Horse Chestnut Cut

$6.99

Botanical NameAesculus hippocastanum

Common Name:

  • English: Common horse chestnut
  • Also, known as: Aescule, Abu farwat el hhussan, Baloot, Castagna amare, Castagna cavallina, Marronier d’Inde, Naru, Paardekastanje,Pu, Pferdekastanie, Qastanah baria, Castagna di cavalle, Castagno d’India, Castan, Castano de Indias, Castandas da India, Castanheiro da India, Castano de Indias, Chata, Eschilo,Gemeine Rosskastanie, Hippocastani semen, Horse chestnut, Karu, Rosskastanie, Seiyo-tochinoki,  Eiyoutochinoki, Semen castaneae Equinae, shahbalout-e hendi, Vadgesztenyemag, Weisse Rosskastanie, Wilde kastanje, Wilde kest, Chataignier de cheval, Chataignier de mer, Conqueror tree, Custul, and Gemeine Kastanie.

Habitat: Western Asia. Now widely cultivated in Europe, and the USA.

Origin: Poland

Harvested: Wild or cultivated

Parts Used: Seed                                                                 

General Information:

Aesculus hippocastanum, is a deciduous tree, a mature tree can reach 50-70 feet tall and 5-7 feet in circumference with large sticky buds and dense, broad, usually orbicular, or occasionally pyramidal, crown. The large leaves are palmately compound with five to seven leaflets, spreading like fingers from the palm of the hand and have their margins finely toothed, up to 20cm long and 10 cm wide, with 15–20 cm long petioles, median leaflet largest, outer leaflets much smaller. All over the small branches may be found the curious marks in the shape of minute horse-shoes, from which, perhaps, the tree gets its name. White flowers grow in erect panicles have 5 petals with an orbicular limb, imbricate at the margins, white, with a yellow spot at the base which later turns pink; arranged in erect dense panicles up to 20– 30cm long. Several fruits develop on each panicle, and the seeds, or conkers, are brown nut, with a very shining, polished skin, showing a dull, rough, pale-brown scar where it has been attached to the inside of the seed-vessel, sheathed in a spiky green capsule, protected with short spines, which splits into three valves when it falls to the ground and frees the nut.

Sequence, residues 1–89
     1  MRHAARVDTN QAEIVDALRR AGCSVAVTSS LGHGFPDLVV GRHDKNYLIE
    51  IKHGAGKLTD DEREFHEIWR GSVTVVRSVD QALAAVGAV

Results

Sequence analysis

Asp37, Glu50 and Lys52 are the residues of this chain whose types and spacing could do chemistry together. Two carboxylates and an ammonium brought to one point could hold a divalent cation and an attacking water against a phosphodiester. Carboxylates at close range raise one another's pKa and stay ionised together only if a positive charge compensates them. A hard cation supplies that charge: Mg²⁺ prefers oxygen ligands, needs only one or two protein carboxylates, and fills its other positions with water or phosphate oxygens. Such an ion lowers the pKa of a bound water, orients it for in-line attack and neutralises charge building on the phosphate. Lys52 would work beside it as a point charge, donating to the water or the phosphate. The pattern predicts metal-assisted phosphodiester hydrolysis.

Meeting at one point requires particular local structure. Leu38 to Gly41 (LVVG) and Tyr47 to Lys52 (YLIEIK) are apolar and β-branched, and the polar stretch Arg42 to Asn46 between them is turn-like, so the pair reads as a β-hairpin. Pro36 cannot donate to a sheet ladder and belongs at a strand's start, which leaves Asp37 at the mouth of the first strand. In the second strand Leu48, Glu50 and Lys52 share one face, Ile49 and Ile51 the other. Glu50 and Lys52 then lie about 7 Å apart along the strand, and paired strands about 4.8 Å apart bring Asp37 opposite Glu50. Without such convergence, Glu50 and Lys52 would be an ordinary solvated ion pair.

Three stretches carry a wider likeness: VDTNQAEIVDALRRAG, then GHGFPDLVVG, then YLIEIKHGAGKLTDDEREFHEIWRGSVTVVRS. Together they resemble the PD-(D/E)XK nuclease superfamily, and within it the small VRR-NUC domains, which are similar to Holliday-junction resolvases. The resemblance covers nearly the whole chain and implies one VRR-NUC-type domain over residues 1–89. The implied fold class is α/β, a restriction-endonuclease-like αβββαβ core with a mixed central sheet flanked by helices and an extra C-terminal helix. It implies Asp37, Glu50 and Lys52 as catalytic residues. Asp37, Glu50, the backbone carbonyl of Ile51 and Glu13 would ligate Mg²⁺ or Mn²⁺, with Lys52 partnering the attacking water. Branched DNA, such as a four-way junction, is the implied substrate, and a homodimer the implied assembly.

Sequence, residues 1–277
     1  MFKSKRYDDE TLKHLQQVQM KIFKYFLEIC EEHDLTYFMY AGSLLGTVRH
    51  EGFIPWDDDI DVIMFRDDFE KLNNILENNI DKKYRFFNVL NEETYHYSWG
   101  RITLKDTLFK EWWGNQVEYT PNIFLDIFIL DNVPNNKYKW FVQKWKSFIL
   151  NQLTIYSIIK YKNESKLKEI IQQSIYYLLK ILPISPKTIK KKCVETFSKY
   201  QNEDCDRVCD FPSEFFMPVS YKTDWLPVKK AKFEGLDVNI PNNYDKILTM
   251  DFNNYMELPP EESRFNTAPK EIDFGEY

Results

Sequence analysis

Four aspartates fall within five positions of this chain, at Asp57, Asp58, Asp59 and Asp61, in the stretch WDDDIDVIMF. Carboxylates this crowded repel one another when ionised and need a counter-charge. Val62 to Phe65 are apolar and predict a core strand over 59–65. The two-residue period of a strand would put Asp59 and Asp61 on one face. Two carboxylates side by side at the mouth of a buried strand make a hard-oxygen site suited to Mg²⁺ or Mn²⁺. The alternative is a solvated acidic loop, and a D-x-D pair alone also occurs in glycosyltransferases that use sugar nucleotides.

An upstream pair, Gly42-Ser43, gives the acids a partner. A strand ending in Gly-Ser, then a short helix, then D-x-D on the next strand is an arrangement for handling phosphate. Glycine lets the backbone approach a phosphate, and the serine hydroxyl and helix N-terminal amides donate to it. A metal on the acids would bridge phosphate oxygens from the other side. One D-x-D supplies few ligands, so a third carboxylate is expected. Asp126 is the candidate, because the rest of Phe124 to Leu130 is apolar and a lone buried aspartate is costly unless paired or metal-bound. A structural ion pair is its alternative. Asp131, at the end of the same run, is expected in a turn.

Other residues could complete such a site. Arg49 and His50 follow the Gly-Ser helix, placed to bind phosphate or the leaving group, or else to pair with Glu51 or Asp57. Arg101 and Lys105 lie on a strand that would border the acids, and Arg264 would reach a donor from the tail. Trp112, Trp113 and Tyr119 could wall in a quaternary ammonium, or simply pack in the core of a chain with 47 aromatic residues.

Trees are widely cultivated in streets and parks throughout temperate regions. The tree is chiefly grown for ornamental purposes, in towns and private gardens and in parks, and forms fine avenues in the spring, when the trees are in full bloom, present a beautiful sight. Harvest the seed and husks in the fall. The Horse Chestnut is generally raised from the nuts, which are collected in the autumn and sown in the early spring. The nuts should be preserved in the sand during the winter, as they may become moldy and rot. It steeped in water, they will germinate more quickly. In Britain and Ireland, the seeds are used for the popular children's game conkers. The game grew in popularity in the 20th century and spread beyond England.

How to use:   

Decoctions are suitable for roots, barks, large seeds & berries, and other dense material. The simple way to make decoction is, in a saucepan, add 1 tablespoon of dried herbs to 1 cup of water. Bring the water to boil, reduce heat and simmer for 30-60 minutes. Strain and squeeze out as much as liquid as possible and enjoy!

Tips:

  • You can sweeten your herbal decoctions with bit of honey, natural fruit juice, stevia leaves powder and or licorice root powder.

 

Precautions: 

You should consult with a qualified healthcare practitioner before using any herbal products, particularly if you are pregnant, nursing, or on any medications.

All information on this website is for educational purposes ONLY.

This information has not been evaluated by Health Canada.

This information is not intended to diagnose, treat, cure, or prevent any disease.